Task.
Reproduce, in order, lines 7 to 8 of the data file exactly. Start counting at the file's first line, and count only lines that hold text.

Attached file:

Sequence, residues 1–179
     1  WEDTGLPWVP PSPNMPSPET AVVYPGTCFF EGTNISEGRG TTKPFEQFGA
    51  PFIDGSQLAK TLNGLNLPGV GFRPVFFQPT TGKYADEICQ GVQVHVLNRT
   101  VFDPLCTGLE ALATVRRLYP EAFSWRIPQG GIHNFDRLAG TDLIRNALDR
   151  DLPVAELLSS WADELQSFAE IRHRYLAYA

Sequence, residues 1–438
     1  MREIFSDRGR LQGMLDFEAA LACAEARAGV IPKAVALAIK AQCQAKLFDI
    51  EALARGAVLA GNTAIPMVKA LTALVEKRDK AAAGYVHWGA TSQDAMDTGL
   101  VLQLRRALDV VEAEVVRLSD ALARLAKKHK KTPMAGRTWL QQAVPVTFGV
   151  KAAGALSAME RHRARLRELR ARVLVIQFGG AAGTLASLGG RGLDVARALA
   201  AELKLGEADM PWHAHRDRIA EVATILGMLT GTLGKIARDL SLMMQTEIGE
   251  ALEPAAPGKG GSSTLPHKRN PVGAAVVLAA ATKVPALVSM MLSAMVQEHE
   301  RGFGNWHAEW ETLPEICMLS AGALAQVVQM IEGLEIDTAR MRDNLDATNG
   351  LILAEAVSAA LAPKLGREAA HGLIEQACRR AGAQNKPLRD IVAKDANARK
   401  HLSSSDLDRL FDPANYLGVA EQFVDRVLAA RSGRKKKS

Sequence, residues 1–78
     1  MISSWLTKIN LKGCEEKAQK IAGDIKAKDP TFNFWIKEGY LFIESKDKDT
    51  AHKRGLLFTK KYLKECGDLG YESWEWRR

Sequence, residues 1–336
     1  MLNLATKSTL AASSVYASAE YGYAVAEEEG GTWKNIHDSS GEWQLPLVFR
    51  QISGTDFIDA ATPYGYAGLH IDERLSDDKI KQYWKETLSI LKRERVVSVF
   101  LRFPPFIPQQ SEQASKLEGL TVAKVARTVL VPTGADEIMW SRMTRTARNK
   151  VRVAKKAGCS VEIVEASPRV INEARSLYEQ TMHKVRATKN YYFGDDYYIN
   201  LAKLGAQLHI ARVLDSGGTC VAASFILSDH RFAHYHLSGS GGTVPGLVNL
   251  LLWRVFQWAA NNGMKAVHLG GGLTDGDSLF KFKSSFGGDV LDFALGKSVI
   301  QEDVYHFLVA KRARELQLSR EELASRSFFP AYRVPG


     1  MREIFSDRGR LQGMLDFEAA LACAEARAGV IPKAVALAIK AQCQAKLFDI
    51  EALARGAVLA GNTAIPMVKA LTALVEKRDK AAAGYVHWGA TSQDAMDTGL